AMU Asia Homeland Security Intelligence Opinion

South Korea Blames North for Sinking of Warship

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By William Tucker
korea1_1621175c.jpgThe South Korean warship Cheonan was struck by external explosives, possibly torpedoes, when it sunk on March 26 of this year. Part of the ship was recently salvaged and according to investigators there is no doubt that the explosion occurred outside of the vessel making the occurrence of an accident unlikely. According to North Korean defectors, the attack on the Cheonan was personally ordered by Kim Jong-Il in retaliation for a naval skirmish that occurred in 2009. If the reports from these defectors and South Korean intelligence are accurate this places Seoul in a difficult position.

The claim of Northern complicity in the Cheonan sinking comes on the heels of intelligence analysts now calling North Korea a full fledged nuclear power. The North has tested two nuclear devices in the past, but now analysts believe that Pyongyang has managed to successfully miniaturize the devices for marrying with a delivery system. If accurate, it could serve to explain why the North would take such a provocative action against the South Korean navy. Other reports today have the South Koreans arresting two Northern agents suspected of trying to assassinate a North Korea defector. All told, Pyongyang is becoming more aggressive and more willing to take provocative actions.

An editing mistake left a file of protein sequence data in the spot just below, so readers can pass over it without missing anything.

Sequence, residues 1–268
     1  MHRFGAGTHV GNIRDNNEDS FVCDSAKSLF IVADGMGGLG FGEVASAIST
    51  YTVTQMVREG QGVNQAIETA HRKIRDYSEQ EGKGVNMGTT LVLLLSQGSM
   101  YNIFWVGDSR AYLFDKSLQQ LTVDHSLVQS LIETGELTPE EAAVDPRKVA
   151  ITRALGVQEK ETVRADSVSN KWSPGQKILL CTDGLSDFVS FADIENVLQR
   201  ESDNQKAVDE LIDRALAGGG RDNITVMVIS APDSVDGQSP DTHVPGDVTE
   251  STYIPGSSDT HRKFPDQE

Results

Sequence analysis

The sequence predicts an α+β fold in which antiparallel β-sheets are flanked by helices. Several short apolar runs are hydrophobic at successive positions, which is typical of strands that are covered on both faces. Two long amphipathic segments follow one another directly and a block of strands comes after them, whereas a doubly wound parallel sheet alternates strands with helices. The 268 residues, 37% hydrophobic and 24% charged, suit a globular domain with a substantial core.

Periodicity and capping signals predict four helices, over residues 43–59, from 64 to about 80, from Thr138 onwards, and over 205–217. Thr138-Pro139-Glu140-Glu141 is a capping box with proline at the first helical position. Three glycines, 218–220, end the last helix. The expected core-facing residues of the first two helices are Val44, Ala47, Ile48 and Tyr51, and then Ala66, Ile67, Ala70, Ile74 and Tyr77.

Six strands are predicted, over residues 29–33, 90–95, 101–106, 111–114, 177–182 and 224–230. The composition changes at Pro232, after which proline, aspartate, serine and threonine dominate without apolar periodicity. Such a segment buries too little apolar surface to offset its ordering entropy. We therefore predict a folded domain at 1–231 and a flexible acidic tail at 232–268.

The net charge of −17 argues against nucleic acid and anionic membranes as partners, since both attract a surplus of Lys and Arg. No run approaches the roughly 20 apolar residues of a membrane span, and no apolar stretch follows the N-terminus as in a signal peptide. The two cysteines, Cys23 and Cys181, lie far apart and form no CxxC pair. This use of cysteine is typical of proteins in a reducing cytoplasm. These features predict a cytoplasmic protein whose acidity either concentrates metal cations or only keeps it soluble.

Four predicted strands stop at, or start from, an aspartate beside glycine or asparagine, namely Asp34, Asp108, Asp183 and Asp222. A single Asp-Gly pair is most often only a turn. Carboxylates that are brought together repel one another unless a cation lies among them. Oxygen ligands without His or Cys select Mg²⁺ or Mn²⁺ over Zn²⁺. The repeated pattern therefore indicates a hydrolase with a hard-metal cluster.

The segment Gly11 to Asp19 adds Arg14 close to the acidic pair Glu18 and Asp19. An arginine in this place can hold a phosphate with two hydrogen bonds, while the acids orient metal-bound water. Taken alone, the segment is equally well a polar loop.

This does not mean that a hot war is going to break out on the Korean peninsula, but it does mean that South Korean President Lee Myung Bak has a tough decision to make. Lee can retaliate militarily with a precision strike, but the risk of the conflict getting out of hand is high. On the other hand Lee faces coming elections and he cannot risk looking weak by doing nothing. Further exasperating matters is that South Korea has already cut off aid to the North and with heavy sanctions all ready levied against the communist nation there are not many options available for recourse. Ultimately, the leadership in Seoul is going to have to rely on the U.S. and Japan for helping to contain and mitigate the more aggressive threat from the North even if the result is symbolic. Lee just doesn’t have any other options.
Author’s note: I have doubts about the claims that North Korea has managed to create a nuclear device that is stable enough to fit on a delivery system. The two devices that NK has tested appeared to have failed because of trouble engineering what is known as a full-scale hemispherical explosively driven shock system. This is an array of convention explosives (known as lenses) that are arranged around the nuclear material resembling the pattern of a soccer ball. Each of these explosive lenses must be precisely manufactured and detonated at the same moment. If this system fails it is still possible to extract a nuclear detonation from the device albeit at significantly lower yield. If rumors that NK is going to test another device in the near future are accurate we will have a better understanding of the state of NK’s nuclear program with the results from that test. That being said, there are a lot of unknown’s about NK’s nuclear program meaning that the uncertainty will most likely dissuade the South from retaliating over the Cheonan.
Photo credit: The Times

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